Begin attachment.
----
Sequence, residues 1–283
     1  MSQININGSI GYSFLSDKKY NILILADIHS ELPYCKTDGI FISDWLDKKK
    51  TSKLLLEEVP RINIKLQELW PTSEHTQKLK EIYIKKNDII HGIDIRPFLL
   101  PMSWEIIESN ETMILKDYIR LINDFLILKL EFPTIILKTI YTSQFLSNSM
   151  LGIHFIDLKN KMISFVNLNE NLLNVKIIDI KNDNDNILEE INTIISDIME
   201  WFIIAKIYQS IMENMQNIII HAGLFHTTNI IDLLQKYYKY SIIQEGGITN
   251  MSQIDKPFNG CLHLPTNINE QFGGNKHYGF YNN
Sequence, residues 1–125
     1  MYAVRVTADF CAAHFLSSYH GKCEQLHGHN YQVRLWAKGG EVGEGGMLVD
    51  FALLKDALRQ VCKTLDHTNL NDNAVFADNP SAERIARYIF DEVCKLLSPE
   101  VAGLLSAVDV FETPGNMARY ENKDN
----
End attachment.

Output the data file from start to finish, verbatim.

Sequence, residues 1–283
     1  MSQININGSI GYSFLSDKKY NILILADIHS ELPYCKTDGI FISDWLDKKK
    51  TSKLLLEEVP RINIKLQELW PTSEHTQKLK EIYIKKNDII HGIDIRPFLL
   101  PMSWEIIESN ETMILKDYIR LINDFLILKL EFPTIILKTI YTSQFLSNSM
   151  LGIHFIDLKN KMISFVNLNE NLLNVKIIDI KNDNDNILEE INTIISDIME
   201  WFIIAKIYQS IMENMQNIII HAGLFHTTNI IDLLQKYYKY SIIQEGGITN
   251  MSQIDKPFNG CLHLPTNINE QFGGNKHYGF YNN
Sequence, residues 1–125
     1  MYAVRVTADF CAAHFLSSYH GKCEQLHGHN YQVRLWAKGG EVGEGGMLVD
    51  FALLKDALRQ VCKTLDHTNL NDNAVFADNP SAERIARYIF DEVCKLLSPE
   101  VAGLLSAVDV FETPGNMARY ENKDN